For the embedding, we will one-hot encode time series. See One-hot encoding of string features for details about the process which follows the same logic and requirements regardless the data-type.

[8]:

embedding = Embedding(X_data=X_features,
Y_data=Y_label,
X_encode=True,
Y_encode=True,
batch_size=16,
relative_size=(2, 1, 0))


Let’s inspect the data shape.

[9]:

print(embedding.dtrain.X.shape)

(171, 10000, 16)


RNN(sequences=True)-Flatten-(Dense)n with Dropout

Time to clarify a point:

• We have a multivariate like time series (one-hot encoded univariate series) with 10000 time steps.

• The 10000 or length of sequence is unrelated to the number of units in the RNN layer. The number of units may be anything, the whole sequence will be processed in its entirety.

• In recurrent layers, parameters shape is related to the number of units and the vocabulary size, not to the length of the sequence. That’s why such architectures can handle input sequences of variable length.

[10]:

name = 'RNN-1-Seq_Flatten_Dense-64-relu_Dropout05_Dense-2-softmax'

se_hPars['learning_rate'] = 0.01
se_hPars['softmax_temperature'] = 1

layers = [
embedding,
RNN(1, sequences=True),
Flatten(),
Dense(64, relu),
Dropout(0.5),
Dense(2, softmax),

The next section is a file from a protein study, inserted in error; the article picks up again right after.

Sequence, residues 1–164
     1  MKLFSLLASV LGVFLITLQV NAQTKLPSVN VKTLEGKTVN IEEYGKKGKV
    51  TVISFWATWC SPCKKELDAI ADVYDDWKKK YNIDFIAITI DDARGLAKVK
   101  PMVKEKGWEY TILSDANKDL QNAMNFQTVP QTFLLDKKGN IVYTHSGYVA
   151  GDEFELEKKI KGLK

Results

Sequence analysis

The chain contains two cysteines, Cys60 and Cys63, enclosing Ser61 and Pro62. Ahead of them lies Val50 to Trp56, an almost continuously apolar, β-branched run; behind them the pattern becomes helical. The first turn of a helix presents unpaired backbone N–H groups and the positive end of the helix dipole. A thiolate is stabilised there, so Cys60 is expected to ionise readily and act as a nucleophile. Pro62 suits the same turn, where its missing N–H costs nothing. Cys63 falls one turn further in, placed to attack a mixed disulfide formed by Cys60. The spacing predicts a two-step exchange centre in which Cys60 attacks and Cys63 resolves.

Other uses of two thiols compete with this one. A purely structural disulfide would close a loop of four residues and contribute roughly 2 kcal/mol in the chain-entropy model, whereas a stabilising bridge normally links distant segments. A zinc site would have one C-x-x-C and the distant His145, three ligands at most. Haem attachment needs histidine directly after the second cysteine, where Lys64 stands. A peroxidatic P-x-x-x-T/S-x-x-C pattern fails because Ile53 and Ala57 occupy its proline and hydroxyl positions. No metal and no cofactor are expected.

]

model = EpyNN(layers=layers, name=name)


We initialize the model.

[11]:

model.initialize(loss='MSE', seed=1, metrics=['accuracy', 'recall', 'precision'], se_hPars=se_hPars.copy(), end='\r')

--- EpyNN Check OK! ---


We will only train for 3 epochs.

[12]:

model.train(epochs=3, init_logs=False)

Epoch 2 - Batch 9/9 - Accuracy: 1.0 Cost: 0.01575 - TIME: 20.68s RATE: 1.45e-01e/s TTC: 14s

+-------+----------+----------+----------+----------+-------+--------+-------+-----------+-------+--------+-------+----------------------------------------------------------------------+
| epoch |  lrate   |  lrate   |  lrate   | accuracy |       | recall |       | precision |       |  MSE   |       |                              Experiment                              |
|       |   RNN    |  Dense   |  Dense   |  dtrain  | dval  | dtrain | dval  |  dtrain   | dval  | dtrain | dval  |                                                                      |
+-------+----------+----------+----------+----------+-------+--------+-------+-----------+-------+--------+-------+----------------------------------------------------------------------+
|   0   | 1.00e-02 | 1.00e-02 | 1.00e-02 |  0.906   | 0.753 | 0.831  | 0.744 |   0.937   | 0.725 | 0.079  | 0.167 | 1635107675_RNN-1-Seq_Flatten_Dense-64-relu_Dropout05_Dense-2-softmax |